All of our surgical procedures involve a comprehensive anesthetic monitoring and pain management program.
It is important to realize that anesthetic monitoring and pain management programs are not standardized across the veterinary community. By law, the only anesthetic monitoring device that is required is an apnea alert, a machine that beeps whenever your pet takes a breath.
To ensure a safe and smooth general anesthetic, it is very important that the following be measured:
- Blood pressure
- Oxygen saturation (amount of oxygen in the blood)
- Carbon dioxide (breathed in and out)
- ECG (heart waves)
- Heart rate (how fast the heart is beating)
- Breathing (respiratory) rate
At Mountain Animal Hospital we monitor all of the above levels continuously during general anesthetic. Currently there are also no specific regulations about pain medication; it is up to the veterinarian’s discretion. Our philosophy is to keep your pet as comfortable and pain-free as possible, and this includes multiple different pain medications over the course of the day and for several days at home. We follow pain management programs recommended by the Ontario Veterinary College. Our pain management program involves at least 3 different pain medications that act on different parts of the body’s pain pathway, given throughout the day, often several times.
At Mountain Animal Hospital, we offer the best for you and your pet. We want your pet’s surgical experience to be as safe and stress free as possible. We pride ourselves on quality and individualized care. This starts with an appointment with the doctor on the morning of the surgery. The doctor will perform a physical examination to ensure your pet is healthy for the procedure that day. Your pet will be with us in the treatment area under direct supervision the entire day. This way we can pick up on any subtle changes that might indicate your pet needs additional pain medication, to ensure the IV fluids are running properly, that your pet is positioned so he or she is comfortable and of course to ensure a safe and smooth recovery from anesthetic.
To learn more you can click on the following link: Precautions to Reduce the Risk of General Anesthesia
A declaw is more than simply removing your cat’s claws. We must surgically remove the piece of bone attached to the claw or the claw will grow back. So it is technically an amputation on all digits. As you can image, appropriate pain management is extremely important for declaws. Problems after surgery are greatly reduced if your cat’s pain is managed properly during the surgery. Cats that have been declawed at Mountain Animal Hospital are kept in hospital for 2 nights and 3 days (longer if necessary at no additional charge) after the surgery so they can be observed carefully and given several different medications for pain in the days following the procedure. They are sent home with at least one week of pain medication after surgery. While all of the pain medications in general are very safe, they can cause problems if they are given to animals with liver or kidney problems, or in dehydrated animals. For this reason, all cats declawed at Mountain Animal Hospital need to have pre-anesthetic bloodwork performed before the procedure and have IV fluids during the surgery. We want to do everything we can to make your cat as comfortable as possible during this surgery so for reasons of safety bloodwork and IV fluids are not considered optional for declaws.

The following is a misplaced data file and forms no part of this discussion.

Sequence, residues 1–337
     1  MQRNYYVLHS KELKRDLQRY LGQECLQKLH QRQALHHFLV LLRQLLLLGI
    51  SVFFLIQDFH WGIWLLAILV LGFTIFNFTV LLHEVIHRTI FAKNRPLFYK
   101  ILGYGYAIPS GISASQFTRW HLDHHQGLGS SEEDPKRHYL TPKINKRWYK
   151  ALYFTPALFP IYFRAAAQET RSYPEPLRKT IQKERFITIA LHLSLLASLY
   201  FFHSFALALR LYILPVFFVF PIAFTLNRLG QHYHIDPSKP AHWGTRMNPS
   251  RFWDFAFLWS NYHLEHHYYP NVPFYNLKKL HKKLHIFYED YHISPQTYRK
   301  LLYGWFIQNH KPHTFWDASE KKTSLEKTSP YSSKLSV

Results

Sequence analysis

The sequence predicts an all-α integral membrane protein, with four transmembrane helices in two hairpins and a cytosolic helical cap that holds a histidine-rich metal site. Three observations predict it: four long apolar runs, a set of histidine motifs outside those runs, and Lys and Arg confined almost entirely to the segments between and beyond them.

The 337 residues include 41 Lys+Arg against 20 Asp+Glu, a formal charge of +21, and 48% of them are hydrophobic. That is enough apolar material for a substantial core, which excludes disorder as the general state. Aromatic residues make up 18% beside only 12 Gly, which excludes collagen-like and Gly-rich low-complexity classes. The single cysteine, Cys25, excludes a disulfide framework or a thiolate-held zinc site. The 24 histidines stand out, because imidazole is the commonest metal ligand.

Costs of declaws including our anesthetic monitoring program (prices before tax) –
Neuter and declaw – starting at $390.30 + see additional costs below for in hospital pain medication, IV fluids and bloodwork.
Spay and declaw – starting at $ 467.80 + see additional costs below for in hospital pain medication, IV fluids and bloodwork.
Declaw only (cat must already be spayed or neutered) – starting at $ 314.60 + see additional costs below for in hospital pain medication, IV fluids and bloodwork.
Additional fees for declaws include the pre-anesthetic bloodwork ($90.80) and IV fluids ($85.90), $40 for the 3 day pain management program in the hospital and $39.80 for a week’s supply of pain medication to take home.